NEW YORK (GenomeWeb) – The Centers for Medicare & Medicaid Services yesterday released final 2017 pricing determinations for lab tests described by new CPT codes, bumping up pricing for several genomic tests from rates it released this fall.
In September, CMS released 2017 pricing for several CPT codes for gene sequencing procedures and multi-analyte algorithm assays (MAAAs), which become effecting Jan. 1, 2017. Subsequently, labs asked CMS to reconsider those rates, and in several cases, it worked out favorably.
For example, CMS had proposed over the summer an initial price of $2,240 for Veracyte's thyroid nodule assessment test Afirma (CPT code 81545) and in the fall issued a rate of $2,864. Around 20 percent of Afirma test volume is covered under Medicare. As such Veracyte submitted a reconsideration request with CMS, which has resulted in a new price of $3,200.
The company communicated to CMS that the previously released lower gapfill rate was not supported by its own gapfill criteria, a process through which test pricing is determined by taking the median of the amounts submitted by Medicare contractors. "With final Medicare rates in place for 2017 and market-based pricing to begin in 2018 through the Protecting Access to Medicare Act, we believe that Medicare reimbursement for the Afirma GEC will now remain stable for the foreseeable future," Veracyte CEO Bonnie Anderson said in a statement.
PAMA will establish a market-based payment system for lab tests in 2018, where Medicare pricing for tests under the clinical lab fee schedule will be determined based on a weighted median of private payor rates. Under that law, CMS cannot reduce payment for a test by more than 10 percent in the first three years after implementation and by more than 15 percent in the subsequent three years.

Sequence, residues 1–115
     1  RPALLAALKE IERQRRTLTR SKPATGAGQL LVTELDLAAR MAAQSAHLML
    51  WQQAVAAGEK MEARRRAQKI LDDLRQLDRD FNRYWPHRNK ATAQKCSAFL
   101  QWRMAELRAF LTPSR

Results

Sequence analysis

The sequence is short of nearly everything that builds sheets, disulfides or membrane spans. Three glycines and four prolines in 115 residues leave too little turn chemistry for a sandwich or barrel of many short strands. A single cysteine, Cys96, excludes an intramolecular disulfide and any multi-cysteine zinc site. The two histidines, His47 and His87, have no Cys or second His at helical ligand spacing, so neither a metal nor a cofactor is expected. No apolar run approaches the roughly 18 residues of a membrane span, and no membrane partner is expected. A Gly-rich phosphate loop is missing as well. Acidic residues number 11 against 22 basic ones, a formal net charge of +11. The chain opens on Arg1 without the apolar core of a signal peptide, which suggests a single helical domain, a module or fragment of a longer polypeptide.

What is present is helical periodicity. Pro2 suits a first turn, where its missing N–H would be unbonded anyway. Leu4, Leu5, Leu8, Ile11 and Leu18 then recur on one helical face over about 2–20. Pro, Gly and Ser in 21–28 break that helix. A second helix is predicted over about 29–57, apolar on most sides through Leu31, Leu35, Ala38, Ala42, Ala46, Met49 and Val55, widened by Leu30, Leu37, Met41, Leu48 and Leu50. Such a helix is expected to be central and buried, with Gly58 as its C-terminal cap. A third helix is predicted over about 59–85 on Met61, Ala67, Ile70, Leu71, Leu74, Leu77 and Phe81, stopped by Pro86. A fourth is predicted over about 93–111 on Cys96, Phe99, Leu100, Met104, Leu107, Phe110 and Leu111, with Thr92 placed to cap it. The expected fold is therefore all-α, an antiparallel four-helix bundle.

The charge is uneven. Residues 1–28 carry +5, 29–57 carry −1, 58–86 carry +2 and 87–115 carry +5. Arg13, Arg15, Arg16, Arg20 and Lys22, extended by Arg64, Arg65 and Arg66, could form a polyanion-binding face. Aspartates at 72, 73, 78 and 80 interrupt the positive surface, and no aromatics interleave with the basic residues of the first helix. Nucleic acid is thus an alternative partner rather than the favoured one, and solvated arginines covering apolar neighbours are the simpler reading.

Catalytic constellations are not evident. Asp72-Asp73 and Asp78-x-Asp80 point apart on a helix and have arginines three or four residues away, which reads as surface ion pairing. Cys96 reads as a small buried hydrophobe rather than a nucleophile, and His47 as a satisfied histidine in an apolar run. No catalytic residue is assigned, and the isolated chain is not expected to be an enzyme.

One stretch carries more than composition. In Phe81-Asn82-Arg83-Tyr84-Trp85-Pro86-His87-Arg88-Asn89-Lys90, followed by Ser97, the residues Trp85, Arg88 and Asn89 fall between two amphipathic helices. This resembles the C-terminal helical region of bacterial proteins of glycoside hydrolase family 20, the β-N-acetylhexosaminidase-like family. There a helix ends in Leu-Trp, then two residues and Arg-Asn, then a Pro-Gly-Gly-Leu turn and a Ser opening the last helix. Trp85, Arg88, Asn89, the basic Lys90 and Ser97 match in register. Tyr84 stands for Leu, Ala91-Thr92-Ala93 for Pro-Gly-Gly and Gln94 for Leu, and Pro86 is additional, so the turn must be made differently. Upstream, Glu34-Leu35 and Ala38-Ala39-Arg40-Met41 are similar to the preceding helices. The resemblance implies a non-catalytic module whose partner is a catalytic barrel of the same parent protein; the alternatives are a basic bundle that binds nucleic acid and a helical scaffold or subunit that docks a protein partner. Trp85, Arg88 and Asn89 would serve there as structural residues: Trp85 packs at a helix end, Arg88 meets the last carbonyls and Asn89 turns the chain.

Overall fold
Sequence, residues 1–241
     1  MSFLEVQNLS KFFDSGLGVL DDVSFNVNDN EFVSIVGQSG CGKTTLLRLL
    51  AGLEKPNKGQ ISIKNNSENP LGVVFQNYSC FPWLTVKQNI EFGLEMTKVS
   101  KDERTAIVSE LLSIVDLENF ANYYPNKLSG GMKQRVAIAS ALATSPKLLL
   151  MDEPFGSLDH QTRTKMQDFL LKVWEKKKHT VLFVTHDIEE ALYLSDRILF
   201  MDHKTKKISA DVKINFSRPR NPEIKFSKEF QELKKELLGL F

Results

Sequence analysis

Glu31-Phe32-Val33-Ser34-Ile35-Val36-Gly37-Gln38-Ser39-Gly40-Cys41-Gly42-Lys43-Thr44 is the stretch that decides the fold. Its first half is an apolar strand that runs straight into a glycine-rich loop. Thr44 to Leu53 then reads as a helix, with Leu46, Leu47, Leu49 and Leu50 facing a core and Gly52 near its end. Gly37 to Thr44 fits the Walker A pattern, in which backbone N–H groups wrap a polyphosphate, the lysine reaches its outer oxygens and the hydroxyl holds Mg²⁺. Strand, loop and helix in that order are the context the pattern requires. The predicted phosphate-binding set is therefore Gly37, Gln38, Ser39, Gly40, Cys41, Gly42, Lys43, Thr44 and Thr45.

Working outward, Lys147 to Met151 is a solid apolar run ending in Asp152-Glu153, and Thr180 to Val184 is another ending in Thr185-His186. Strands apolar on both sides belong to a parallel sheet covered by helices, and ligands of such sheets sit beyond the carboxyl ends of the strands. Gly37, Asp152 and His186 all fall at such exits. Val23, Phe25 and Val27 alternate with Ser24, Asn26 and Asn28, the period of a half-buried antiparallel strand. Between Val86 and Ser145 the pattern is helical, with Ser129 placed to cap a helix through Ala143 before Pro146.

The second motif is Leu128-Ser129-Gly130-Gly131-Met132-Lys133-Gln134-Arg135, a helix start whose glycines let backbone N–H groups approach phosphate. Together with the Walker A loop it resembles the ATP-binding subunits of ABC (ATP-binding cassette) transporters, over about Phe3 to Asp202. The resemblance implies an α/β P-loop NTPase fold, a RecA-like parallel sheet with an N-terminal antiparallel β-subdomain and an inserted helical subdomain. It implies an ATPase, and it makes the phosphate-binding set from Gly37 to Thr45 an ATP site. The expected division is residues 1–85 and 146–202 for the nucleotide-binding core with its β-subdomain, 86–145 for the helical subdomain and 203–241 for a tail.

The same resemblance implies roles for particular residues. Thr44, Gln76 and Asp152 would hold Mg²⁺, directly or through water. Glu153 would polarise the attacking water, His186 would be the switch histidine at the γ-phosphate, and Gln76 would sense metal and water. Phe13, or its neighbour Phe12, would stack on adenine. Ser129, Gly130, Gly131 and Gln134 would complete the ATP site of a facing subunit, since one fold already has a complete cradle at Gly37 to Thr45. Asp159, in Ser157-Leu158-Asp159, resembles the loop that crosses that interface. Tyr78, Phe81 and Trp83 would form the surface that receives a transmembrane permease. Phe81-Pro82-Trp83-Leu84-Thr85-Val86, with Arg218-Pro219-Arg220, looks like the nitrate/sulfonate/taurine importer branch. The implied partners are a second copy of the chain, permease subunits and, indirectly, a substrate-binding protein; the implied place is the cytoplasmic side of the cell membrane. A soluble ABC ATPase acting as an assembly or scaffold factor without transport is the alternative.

CareDx is another company that has been unhappy for some time with CMS pricing of AlloMap, an MAAA to identify heart transplant recipients at low risk of rejection. At one point, AlloMap (CPT code 81595) was facing a 77 percent cut to $645, down from a historical price of $2,821. Then, in preliminary gapfill pricing CMS proposed a rate of $732, which following CareDx's objections the payor raised to $1,921 in the fall.
Still, CareDx objected. Now it seems the company has successfully convinced CMS to maintain the price of AlloMap at the historical rate of $2,821.
Other tests that will see price increases in 2017 include Biodesix's lung cancer aggressiveness test Veristrat (CPT code 81538), which CMS had priced at $1,342, but now has increased to $2,112; Genomic Health's Oncotype DX colon cancer recurrence risk test (CPT code 81525) saw an increase from $2,062 to $3,104; and BioTheranostics' CancerTYPE for diagnosing metastatic tumors of uncertain origin (CPT code 81540) had its payment bumped up from $2,355 to $2,900.
Final 2017 CMS pricing will remain at $925 for Invitae's next-generation sequencing test for hereditary breast cancer-related disorders (CPT Code 81432), an amount the company was pleased with when CMS announced it in September, since it was pushing for a price of $950. CardioDx's coronary artery disease risk test Corus CAD (CPT code 81493) will stay at $1,035, as will the price of Vectra DA (CPT Code 81490), marketed by Myriad Genetics' subsidiary Crescendo Bioscience at $587.
CMS did increase pricing for fetal aneuploidy trisomy risk testing (CPT code 0009M) from $133 to $598. In a note to investors, Piper Jaffray analyst William Quirk wrote that the government payor's final 2017 rates for non-invasive prenatal testing for Trisomy 21 and microdeletion is now $797.
"We anticipate state Medicaid programs to adjust their prices over 2017 to reflect the new Medicare rate (again, at a discount)," Quirk wrote, estimating that the average 2018 Medicaid rate will be between $500 and $600. Since 48 percent of US births are covered under Medicaid and payment rates are influenced by Medicare, Quirk saw the new price as a positive for companies like Natera, Laboratory Corporation of America, and Illumina.